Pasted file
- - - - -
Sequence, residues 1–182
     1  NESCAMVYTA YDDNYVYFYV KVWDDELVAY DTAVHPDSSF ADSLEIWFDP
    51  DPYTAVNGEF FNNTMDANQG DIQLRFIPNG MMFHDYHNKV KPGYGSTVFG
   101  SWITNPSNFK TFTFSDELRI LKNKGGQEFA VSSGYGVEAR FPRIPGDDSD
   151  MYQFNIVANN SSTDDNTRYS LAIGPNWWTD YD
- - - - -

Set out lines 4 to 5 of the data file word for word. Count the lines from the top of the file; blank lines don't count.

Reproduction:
   101  SWITNPSNFK TFTFSDELRI LKNKGGQEFA VSSGYGVEAR FPRIPGDDSD
   151  MYQFNIVANN SSTDDNTRYS LAIGPNWWTD YD